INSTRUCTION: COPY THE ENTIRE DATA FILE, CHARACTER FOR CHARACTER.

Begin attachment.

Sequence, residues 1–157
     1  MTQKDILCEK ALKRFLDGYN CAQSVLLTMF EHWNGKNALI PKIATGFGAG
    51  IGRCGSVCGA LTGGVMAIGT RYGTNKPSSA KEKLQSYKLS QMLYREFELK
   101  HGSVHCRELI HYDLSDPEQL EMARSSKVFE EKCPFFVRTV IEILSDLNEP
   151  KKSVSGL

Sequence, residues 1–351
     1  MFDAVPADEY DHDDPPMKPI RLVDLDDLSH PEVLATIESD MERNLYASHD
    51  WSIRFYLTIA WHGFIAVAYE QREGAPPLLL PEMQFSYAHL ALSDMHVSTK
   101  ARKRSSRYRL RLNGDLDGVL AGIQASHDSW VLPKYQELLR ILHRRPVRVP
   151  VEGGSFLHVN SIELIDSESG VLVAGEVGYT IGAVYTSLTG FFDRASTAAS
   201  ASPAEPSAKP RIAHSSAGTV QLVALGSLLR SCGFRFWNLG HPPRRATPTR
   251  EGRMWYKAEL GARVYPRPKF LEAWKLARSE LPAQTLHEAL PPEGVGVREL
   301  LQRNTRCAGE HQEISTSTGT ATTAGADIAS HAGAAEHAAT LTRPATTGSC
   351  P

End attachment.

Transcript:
Sequence, residues 1–157
     1  MTQKDILCEK ALKRFLDGYN CAQSVLLTMF EHWNGKNALI PKIATGFGAG
    51  IGRCGSVCGA LTGGVMAIGT RYGTNKPSSA KEKLQSYKLS QMLYREFELK
   101  HGSVHCRELI HYDLSDPEQL EMARSSKVFE EKCPFFVRTV IEILSDLNEP
   151  KKSVSGL

Sequence, residues 1–351
     1  MFDAVPADEY DHDDPPMKPI RLVDLDDLSH PEVLATIESD MERNLYASHD
    51  WSIRFYLTIA WHGFIAVAYE QREGAPPLLL PEMQFSYAHL ALSDMHVSTK
   101  ARKRSSRYRL RLNGDLDGVL AGIQASHDSW VLPKYQELLR ILHRRPVRVP
   151  VEGGSFLHVN SIELIDSESG VLVAGEVGYT IGAVYTSLTG FFDRASTAAS
   201  ASPAEPSAKP RIAHSSAGTV QLVALGSLLR SCGFRFWNLG HPPRRATPTR
   251  EGRMWYKAEL GARVYPRPKF LEAWKLARSE LPAQTLHEAL PPEGVGVREL
   301  LQRNTRCAGE HQEISTSTGT ATTAGADIAS HAGAAEHAAT LTRPATTGSC
   351  P